Babbitt says public lands conservation lagging under Obama

Dirt roads connect drilling sites in the Jonah gas field on federal land in Sublette County, Wyo.
(Laura Rauch / Associated Press)

Saying that President Obama is lagging behind even some of his Republican predecessors in protecting public lands, former Interior Secretary Bruce Babbitt is urging the administration to put more federal land off limits to energy and other resource development.

In a speech Tuesday at the National Press Club in Washington, Babbitt, head of the Interior Department under President Clinton, pointed out that during Obama’s first term, the administration leased more than twice as much federal acreage for gas and oil development than was protected as wilderness.

“As we hear more and more strident demands for accelerated leasing and increased production, we should pause to ask: ‘What about conservation? Where is the balance?’ ” Babbitt said, according to a copy of his prepared remarks.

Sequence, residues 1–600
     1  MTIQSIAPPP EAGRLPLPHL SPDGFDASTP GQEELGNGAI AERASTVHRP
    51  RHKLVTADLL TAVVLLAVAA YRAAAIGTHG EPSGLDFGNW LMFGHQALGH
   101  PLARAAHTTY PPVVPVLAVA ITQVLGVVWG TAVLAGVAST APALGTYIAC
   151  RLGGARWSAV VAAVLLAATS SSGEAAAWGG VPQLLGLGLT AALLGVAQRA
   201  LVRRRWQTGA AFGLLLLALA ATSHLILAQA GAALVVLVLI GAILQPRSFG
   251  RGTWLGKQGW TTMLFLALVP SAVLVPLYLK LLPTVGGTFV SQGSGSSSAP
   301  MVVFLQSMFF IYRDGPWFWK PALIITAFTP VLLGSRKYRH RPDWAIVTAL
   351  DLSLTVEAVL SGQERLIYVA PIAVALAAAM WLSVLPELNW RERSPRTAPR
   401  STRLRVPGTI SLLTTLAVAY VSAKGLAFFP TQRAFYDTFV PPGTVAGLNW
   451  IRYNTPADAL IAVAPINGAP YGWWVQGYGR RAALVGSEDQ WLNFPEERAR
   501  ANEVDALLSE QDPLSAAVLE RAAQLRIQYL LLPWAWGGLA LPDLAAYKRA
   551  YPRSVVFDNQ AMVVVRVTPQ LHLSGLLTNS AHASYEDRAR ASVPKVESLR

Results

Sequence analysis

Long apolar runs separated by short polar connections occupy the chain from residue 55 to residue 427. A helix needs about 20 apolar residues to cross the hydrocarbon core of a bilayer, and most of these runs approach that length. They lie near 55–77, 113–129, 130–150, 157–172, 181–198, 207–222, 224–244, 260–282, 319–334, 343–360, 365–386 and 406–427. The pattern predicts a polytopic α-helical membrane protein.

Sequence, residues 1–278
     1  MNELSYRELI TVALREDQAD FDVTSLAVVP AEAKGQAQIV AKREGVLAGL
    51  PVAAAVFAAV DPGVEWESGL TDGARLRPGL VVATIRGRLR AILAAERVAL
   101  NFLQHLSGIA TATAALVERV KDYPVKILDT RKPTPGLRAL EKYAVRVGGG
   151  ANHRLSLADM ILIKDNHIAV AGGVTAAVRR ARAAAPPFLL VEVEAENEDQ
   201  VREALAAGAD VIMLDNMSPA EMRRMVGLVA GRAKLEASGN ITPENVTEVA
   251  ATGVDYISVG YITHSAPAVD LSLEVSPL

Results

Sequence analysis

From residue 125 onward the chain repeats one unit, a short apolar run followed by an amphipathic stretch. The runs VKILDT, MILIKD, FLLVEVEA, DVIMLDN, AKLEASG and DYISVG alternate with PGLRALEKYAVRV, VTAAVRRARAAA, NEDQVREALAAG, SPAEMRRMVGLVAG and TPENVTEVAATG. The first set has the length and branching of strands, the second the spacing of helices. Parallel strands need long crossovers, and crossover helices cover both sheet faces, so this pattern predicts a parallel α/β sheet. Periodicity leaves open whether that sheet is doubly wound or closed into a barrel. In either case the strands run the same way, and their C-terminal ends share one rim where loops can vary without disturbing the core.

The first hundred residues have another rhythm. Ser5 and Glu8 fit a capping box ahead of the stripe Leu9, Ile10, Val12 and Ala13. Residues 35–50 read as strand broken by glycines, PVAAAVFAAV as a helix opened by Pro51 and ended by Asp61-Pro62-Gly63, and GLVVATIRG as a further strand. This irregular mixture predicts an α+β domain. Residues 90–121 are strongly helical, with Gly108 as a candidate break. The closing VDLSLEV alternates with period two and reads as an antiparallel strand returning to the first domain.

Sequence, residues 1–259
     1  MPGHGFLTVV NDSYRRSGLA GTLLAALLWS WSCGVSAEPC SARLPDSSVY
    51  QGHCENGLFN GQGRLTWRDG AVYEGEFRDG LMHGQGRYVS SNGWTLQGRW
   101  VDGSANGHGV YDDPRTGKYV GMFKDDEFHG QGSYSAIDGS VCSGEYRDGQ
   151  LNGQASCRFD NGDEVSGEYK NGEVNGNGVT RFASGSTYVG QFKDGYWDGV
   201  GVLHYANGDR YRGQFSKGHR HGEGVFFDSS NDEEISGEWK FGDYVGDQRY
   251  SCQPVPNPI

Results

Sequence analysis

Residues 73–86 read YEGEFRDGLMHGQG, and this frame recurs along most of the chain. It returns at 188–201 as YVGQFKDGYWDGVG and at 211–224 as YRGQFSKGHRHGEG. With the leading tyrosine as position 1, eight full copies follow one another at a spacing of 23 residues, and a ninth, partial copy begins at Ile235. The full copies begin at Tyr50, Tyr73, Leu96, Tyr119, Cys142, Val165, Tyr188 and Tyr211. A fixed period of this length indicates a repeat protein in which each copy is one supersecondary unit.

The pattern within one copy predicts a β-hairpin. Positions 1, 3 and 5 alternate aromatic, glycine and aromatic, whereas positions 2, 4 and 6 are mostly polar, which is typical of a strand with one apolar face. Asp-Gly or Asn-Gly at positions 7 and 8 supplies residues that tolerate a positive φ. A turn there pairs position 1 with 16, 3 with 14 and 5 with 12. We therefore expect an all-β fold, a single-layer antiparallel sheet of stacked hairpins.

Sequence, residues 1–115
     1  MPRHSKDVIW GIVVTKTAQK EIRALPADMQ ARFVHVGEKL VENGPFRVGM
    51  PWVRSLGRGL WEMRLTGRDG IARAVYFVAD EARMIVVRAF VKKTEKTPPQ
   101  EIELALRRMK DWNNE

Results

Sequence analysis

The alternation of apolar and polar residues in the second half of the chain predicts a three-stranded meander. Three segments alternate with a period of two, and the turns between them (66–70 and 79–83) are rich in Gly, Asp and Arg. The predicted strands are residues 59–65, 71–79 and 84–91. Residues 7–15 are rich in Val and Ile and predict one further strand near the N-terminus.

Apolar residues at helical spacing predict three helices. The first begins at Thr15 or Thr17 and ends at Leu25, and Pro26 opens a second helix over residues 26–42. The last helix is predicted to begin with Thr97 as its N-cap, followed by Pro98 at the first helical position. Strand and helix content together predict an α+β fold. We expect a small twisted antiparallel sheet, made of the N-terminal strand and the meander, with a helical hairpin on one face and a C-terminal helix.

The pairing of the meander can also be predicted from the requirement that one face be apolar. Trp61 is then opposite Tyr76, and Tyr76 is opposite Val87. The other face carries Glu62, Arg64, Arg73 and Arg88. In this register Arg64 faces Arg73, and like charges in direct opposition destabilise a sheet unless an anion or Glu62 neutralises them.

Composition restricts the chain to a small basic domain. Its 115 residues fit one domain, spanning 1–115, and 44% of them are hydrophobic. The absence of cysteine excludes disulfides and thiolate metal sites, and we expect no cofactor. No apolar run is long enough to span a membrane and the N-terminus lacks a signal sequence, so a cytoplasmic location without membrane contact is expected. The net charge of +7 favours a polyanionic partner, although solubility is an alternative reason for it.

He added that oil and gas production exacts a toll on public lands. “Roads carve up and fragment the landscape. Streams are polluted and fisheries endangered. Sportsmen lose the backcountry places best for hunting. Archaeological sites are compromised, wildlife habitat degraded. Entire landscapes and ecosystems are despoiled ... ”

In contrast to the nearly 18 million acres protected through administrative or congressional action under President George H.W. Bush, Babbitt said only about 2.6 million acres were set aside during Obama’s first term.

While praising Obama for his actions on fuel efficiency standards and renewable energy and his attention to greenhouse gases, Babbitt said the administration needed to step up land conservation efforts.

He proposed that for every acre of public land leased for oil and gas development, one acre should be permanently protected.

Acknowledging the difficulty of getting wilderness legislation through the GOP-dominated House, Babbitt suggested Obama use his executive powers to create new national monuments -- a tool Clinton used extensively during his final term, winning the praise of environmentalists but the condemnation of conservative Republicans.